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MURFORD, NICHOLAS (fl. 1650), poet, belonged to a Norfolk family. One Peter Murford was in 1629 lieutenant of the military company of Norwich (Blomefield, Norfolk, iii. 374), and was described in 1639 as a leading citizen of Yarmouth (cf. Cal. State Papers, 1639, p. 412). According to Nicholas's account, his father spent 13,000l. 'for the good of the Commonwealth An 1632' (Memoria Sacra, Ded.) Nicholas appears to have settled as a merchant at Lynn, and to have travelled largely for business purposes in Germany, France, and the Netherlands. Salt was one of the commodities in which he dealt, and he invented a new method of manufacture, which he described in ' A most humble declaration . . . concerning the making of salt here in England' (manuscript in All Souls Coll. Oxf. 276, No. 101). The Company or Corporation of Saltworkers was formed by royal letters patent about 1638 near Great Yarmouth to work the invention (Cal. State Papers, Dom. 1639, pp. 153-4). But the enterprise was not successful. On 1 Oct. 1638 Murford petitioned Charles I to prohibit the importation of foreign salt (cf. ib. 1638-9, p. 45); he complained that the saltworkers of North and South Shields had infringed his patent, and asked the government to arrange so that he could obtain coal from Newcastle at the same cost as it was supplied to the salt-workers at Newcastle or Hartlepool (ib. 1639-1640, p. 236). Murford sought to direct the attention of the Short parliament to his grievances (cf. A Draught of the Contract about Salt on the behalf of Nicholas Murford, also a Proposition made by Thomas Horth, Merchant, and other Owners of Salt Pans at North and South Shields, and another Petition in the behalf of the Town of Yarmouth. The consideration whereof is humbly presented to the Houses of Parliament, 1640?). But he only succeeded in obtaining a respite for the payment of some arrears of salt duty (Cal. State Papers, 1640, p. 15). On like grounds he involved himself in a dispute with the corporation of Southampton (Hist. MSS. Comm. 11th Rep. iii. 133). In 1652 Murford was a prisoner for debt in the Fleet, and petitioned Cromwell for the repayment of the 13,000l. which his father had devoted to public objects in 1632, and which Charles I, he said, had undertaken to repay (Mem. Sacra, Ded.). He wrote an elegy on a daughter Amy (Fragmenta Poetica, C2.).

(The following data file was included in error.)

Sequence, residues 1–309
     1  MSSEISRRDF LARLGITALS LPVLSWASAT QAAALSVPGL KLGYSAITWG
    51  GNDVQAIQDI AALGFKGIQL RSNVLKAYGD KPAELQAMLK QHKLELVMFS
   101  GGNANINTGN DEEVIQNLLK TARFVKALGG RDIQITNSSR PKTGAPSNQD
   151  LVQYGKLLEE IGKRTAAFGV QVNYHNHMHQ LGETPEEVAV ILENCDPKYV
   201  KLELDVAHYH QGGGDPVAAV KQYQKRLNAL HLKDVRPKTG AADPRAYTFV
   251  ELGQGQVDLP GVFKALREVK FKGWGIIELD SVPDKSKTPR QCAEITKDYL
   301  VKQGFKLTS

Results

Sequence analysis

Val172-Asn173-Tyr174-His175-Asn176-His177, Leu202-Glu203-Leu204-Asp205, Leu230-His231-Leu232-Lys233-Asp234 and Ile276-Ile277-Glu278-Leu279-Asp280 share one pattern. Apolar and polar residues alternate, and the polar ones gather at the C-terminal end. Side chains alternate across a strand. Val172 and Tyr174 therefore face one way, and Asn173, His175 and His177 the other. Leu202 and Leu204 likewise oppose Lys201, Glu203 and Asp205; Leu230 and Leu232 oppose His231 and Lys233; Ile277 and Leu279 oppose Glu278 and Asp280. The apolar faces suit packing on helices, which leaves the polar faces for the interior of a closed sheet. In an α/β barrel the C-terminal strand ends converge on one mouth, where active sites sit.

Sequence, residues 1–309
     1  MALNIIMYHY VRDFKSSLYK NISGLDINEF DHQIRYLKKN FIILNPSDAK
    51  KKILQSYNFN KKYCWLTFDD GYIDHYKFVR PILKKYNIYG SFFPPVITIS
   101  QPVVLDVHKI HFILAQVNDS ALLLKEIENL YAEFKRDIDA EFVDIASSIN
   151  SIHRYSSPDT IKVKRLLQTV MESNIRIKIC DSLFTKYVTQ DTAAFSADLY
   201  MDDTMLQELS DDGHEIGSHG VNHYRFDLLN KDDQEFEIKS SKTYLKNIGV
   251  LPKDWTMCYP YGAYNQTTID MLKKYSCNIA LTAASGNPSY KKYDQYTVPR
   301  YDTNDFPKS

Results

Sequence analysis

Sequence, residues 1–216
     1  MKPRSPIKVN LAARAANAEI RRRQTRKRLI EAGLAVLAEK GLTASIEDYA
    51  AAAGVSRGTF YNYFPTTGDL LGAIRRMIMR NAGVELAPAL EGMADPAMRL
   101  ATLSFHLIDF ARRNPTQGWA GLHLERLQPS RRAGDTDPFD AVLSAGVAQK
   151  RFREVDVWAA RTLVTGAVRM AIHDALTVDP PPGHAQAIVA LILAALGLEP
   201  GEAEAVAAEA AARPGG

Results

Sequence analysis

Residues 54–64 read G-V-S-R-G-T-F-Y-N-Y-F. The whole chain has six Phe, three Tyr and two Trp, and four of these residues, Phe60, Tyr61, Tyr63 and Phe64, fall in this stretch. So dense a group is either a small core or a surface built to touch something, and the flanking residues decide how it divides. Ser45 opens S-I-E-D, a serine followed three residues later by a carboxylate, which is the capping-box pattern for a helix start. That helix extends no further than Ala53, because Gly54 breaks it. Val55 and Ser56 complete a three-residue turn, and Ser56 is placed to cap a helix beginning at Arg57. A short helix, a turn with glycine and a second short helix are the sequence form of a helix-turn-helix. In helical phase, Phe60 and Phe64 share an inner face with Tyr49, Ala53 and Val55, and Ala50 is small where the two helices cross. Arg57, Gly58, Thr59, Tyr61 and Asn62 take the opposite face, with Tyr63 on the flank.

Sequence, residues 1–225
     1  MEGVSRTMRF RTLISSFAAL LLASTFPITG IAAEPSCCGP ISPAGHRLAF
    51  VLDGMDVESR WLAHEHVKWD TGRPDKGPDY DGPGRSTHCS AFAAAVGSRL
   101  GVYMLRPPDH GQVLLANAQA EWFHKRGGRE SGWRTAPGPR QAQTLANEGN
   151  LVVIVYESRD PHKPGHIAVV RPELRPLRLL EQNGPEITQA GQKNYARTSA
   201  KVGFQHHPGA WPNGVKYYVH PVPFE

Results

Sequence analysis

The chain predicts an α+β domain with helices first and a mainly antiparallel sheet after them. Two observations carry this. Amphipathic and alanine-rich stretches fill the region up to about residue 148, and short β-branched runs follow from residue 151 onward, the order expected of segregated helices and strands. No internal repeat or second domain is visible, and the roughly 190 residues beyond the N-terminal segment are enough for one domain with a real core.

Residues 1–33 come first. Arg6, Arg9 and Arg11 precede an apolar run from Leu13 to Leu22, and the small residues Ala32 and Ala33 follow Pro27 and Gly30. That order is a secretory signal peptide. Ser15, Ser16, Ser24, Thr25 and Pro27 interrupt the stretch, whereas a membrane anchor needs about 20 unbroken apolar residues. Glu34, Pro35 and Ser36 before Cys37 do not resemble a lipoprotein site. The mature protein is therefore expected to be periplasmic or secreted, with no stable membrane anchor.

Murford dabbled in literature, and produced two volumes of pedestrian verse. The earlier, ‘Fragmenta Poetica, or Miscelanies of Poetical Musings, Moral and Divine,’ printed for Humphrey Moseley in 1650, is a rare book (Brit. Mus.). Among the writers of commendatory verse, prefixed to it, are Thomas Parker, M.D., and Nicholas Toll, pastor at Lynn. A ‘satyre’ is addressed to Martin Holbeach, the traveller. One song was ‘made at my last coming out of Germany,’ another is dated from Embden. A portrait of the author was inserted, and was afterwards altered and made to serve as a portrait of James Forbes, (1629?–1712) [q. v.] Murford's second work was not printed; it is extant among the British Museum manuscripts (Addit MS. 28602). Its title runs: ‘Memoria sacra: or Offertures unto the Fragrant Memory of the Right Honourable Henry Ireton (late) Lord Deputy of Ireland. Intended to have been humbly presented at his Funerall. By a Nurschild of Maro. Anagr. Fui Ireton.’ The dedication ‘to his excellency (my noblist patron, the Lord General Cromwell)’ is dated 8 Feb. 1651–2. The elegy is poor doggerel. In the opening verses, called ‘The Sigh,’ passing allusion is made to James Howell and Sir Philip Sidney. Some verses addressed by Murford to William Lilly, the astrologer, are among the Ashmolean MSS. at Oxford.

[Hunter's Chorus Vatum in Addit. MS. 24491, f. 99; Brydges's Restituta Lit. iv. 479; Corser's Collectanea (Chetham Soc.), pt. ix. pp. 39–44.]

S. L.